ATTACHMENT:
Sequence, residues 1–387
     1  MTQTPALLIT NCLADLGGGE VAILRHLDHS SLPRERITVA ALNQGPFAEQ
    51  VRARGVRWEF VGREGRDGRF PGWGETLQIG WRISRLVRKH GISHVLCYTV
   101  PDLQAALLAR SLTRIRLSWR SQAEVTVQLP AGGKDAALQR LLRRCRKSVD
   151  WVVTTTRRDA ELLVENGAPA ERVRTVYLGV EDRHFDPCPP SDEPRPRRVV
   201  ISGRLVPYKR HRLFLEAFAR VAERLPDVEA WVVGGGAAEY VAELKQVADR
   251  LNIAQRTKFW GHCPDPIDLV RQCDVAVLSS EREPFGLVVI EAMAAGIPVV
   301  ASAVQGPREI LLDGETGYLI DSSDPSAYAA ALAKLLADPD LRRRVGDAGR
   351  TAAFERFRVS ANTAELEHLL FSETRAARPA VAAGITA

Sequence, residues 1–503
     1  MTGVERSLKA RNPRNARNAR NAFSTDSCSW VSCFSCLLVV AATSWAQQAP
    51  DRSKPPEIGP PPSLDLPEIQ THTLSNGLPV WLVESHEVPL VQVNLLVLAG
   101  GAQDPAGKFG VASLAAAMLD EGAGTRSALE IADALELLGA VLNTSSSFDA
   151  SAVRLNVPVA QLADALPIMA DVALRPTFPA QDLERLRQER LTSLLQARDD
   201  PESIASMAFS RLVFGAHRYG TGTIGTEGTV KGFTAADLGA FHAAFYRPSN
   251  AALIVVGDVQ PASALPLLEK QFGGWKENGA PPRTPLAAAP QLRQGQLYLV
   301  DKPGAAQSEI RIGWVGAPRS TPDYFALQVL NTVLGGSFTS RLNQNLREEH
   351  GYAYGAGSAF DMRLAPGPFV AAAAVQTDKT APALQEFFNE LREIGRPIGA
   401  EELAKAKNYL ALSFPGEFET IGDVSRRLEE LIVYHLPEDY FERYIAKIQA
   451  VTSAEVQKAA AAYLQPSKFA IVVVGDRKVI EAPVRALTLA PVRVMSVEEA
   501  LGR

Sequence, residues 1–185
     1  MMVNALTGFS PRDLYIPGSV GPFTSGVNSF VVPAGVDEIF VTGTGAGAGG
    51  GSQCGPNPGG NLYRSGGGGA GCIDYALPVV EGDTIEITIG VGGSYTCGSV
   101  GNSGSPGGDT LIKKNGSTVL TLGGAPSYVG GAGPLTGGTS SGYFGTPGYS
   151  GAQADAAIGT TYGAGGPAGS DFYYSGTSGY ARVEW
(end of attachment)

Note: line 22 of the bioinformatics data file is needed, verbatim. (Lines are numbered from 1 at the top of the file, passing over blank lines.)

Sequence, residues 1–185